How to Use a Moka Pot to Make Espresso

After recently traveling to Europe I noticed something rather interesting. There was no drip coffee. In Europe, everyone would have either an Espresso based drink or instant coffee. I took to the custom and drank delicious cappuccinos or toughed it out with instant coffee. When I returned home I still craved an espresso, but the nearest cafe was 15 minutes away. I began to search for a solution and eventually found the stove top espresso maker—also known as a Moka Pot. In this post, I’m going to explore how to use a Moka Pot.

Instant Coffee

Instant coffee is the lowest form of coffee you can get.

It sits right above caffeine pills, but not by much. Essentially, instant coffee is brewed coffee that is then freeze-dried and concentrated. By adding hot water to it you bring it back to life. Making instant coffee is simple. First, you boil water and then add a scoop or two of instant coffee to your mug. Pour in the boiling water and your cup of coffee is ready.

It’s that simple.

This makes instant coffee very convenient and cheap. With a fast boiling electric kettle like this, you can make a cup of instant coffee in under 5 minutes. The trade off is taste. The taste is bearable, I’ve lived with it before, but you’re really only drinking it for the caffeine at that point. With an espresso, I like it for the caffeine of course.

BUT, also for the taste, aroma, and overall experience that comes with it.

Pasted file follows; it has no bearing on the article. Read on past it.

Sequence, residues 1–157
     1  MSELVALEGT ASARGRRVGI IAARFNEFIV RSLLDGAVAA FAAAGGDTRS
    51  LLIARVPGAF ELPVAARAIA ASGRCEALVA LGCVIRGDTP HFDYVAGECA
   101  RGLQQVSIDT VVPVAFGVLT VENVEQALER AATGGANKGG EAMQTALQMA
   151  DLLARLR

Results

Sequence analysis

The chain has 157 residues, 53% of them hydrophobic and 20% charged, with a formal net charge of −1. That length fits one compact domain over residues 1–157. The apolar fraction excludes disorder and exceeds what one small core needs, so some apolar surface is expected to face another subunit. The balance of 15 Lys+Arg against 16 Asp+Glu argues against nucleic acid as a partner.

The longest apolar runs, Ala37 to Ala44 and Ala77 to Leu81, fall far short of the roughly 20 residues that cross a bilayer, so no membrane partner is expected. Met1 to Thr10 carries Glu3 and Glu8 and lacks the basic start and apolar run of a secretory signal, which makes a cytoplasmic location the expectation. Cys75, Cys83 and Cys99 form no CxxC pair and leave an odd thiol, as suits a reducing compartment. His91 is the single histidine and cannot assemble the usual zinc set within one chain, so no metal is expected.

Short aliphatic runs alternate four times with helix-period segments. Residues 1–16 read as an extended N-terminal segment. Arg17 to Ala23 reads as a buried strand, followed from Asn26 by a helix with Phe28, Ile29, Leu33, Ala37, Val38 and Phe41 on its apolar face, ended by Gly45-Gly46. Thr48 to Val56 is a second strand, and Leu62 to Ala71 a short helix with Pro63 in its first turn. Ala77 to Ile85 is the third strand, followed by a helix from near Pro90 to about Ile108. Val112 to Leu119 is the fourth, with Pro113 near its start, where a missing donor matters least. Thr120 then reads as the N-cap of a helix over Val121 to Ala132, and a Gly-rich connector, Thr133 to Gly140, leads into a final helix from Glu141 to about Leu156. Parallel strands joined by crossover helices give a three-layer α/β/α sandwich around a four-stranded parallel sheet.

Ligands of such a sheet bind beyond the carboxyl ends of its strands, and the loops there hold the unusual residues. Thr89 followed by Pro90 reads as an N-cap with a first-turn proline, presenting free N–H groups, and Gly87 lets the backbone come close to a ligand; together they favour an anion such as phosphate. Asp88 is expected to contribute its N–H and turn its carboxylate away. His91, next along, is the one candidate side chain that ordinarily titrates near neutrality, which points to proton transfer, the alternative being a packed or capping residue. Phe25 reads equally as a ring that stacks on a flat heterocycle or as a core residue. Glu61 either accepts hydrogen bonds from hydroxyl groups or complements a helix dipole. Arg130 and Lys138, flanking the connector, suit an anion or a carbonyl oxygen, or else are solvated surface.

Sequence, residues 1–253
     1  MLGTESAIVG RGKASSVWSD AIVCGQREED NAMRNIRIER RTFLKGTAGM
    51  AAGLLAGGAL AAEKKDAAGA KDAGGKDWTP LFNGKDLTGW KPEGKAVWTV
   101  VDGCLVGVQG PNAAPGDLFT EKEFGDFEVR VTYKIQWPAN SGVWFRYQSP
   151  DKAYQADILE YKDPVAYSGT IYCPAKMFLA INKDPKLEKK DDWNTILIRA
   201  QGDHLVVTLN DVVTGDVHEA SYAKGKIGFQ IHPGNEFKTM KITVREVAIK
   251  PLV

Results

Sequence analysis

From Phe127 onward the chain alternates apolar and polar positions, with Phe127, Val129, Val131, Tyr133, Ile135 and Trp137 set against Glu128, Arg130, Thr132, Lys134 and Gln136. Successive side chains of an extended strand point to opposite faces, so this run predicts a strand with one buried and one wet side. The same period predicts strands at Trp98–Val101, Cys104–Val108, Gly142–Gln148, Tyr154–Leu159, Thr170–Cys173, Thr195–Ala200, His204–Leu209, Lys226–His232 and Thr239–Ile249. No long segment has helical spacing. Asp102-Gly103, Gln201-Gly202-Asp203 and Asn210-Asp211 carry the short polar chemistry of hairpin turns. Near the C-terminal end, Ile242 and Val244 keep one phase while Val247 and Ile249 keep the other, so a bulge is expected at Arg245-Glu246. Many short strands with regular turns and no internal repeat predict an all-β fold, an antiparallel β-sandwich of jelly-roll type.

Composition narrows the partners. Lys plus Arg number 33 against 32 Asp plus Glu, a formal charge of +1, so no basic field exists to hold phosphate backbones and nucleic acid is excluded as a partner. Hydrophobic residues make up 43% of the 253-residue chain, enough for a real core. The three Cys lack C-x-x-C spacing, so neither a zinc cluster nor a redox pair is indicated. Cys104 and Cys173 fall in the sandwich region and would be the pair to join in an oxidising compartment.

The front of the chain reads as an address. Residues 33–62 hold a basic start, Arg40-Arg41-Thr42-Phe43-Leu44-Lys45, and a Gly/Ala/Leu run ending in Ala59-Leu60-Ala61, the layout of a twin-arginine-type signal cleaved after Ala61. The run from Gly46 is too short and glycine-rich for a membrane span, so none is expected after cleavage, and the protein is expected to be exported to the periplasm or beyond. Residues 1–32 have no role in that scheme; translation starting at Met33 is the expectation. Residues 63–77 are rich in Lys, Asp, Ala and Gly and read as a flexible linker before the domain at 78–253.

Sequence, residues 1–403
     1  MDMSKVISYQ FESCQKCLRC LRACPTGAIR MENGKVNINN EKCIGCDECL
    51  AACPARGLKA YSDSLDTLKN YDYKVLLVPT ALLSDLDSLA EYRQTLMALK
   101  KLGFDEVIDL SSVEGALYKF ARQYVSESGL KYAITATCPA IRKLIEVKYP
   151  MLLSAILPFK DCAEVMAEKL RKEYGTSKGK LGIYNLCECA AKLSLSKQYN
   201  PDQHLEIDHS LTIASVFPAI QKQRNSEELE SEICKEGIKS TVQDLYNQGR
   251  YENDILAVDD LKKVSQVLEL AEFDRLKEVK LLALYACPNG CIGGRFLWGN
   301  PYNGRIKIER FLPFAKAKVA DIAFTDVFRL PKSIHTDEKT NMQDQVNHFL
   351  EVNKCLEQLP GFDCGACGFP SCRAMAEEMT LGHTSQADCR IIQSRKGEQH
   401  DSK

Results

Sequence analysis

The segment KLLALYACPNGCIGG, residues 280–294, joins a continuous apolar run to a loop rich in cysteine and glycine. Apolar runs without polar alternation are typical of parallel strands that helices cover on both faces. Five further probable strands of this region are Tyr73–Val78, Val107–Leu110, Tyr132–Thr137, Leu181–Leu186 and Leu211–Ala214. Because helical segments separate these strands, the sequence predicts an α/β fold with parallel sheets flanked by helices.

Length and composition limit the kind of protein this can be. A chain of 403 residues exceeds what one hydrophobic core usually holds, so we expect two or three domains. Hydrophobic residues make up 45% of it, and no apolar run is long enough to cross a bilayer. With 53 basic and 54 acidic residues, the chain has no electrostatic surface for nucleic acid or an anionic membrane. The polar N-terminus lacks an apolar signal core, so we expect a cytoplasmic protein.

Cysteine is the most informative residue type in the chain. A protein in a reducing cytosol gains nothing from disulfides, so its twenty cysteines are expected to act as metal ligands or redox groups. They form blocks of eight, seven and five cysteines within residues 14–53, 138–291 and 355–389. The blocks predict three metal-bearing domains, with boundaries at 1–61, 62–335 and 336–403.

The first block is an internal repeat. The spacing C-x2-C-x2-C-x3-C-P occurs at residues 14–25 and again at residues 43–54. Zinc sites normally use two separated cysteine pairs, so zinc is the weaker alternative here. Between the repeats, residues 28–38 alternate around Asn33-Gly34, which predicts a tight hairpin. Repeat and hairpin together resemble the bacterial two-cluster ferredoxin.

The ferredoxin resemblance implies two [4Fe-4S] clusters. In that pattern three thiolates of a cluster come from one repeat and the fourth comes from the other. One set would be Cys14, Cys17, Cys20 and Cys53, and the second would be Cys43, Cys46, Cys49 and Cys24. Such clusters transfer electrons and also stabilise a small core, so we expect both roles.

Drip Coffee and Aeropress

how to use a moka pot

In the States, drip coffee replaces the function of instant coffee in Europe. It’s very common for households to have a drip coffee machine. This is a step up from instant coffee in taste but slightly more inconvenient.

Drip coffee machines are typically big and bulky, making them less than ideal to transport. They also take a bit of time to brew, you need coffee filters and coffee grinds make a mess if you’re not careful.  Plus, drip coffee is notoriously inconsistent in strength and taste. I’ve had some amazing cups of coffee but I’ve also had some horrible ones.

An Aero press can be great for making a cup of coffee on the road. They are convenient to carry since they are light and small. There are some drawbacks to an Aero press like this.

They need specific coffee filters, are typically made out of plastic, a separate device for boiling water and use manual pressure to brew coffee.

If I’m in a situation that calls for an Aeropress then I’d much rather opt for a stove top espresso maker instead.


To compare instant or drip coffee to an espresso would be an insult. Espresso is clearly superior in taste, experience, and caffeine content.  The problem with espresso is you either need a gigantic espresso machine or to fight the lines at a local cafe. This is a problem if you work from home or are in a rush to get to work.

At one point I looked into buying a prosumer espresso maker. This is turned out to be a bad idea. I settled on a partially working one that I bought at a garage sale for $100. It was a Wega Mini Nova. The machine was heavy, even though it was small for an espresso machine it took up a lot of space and I never got it fully functional.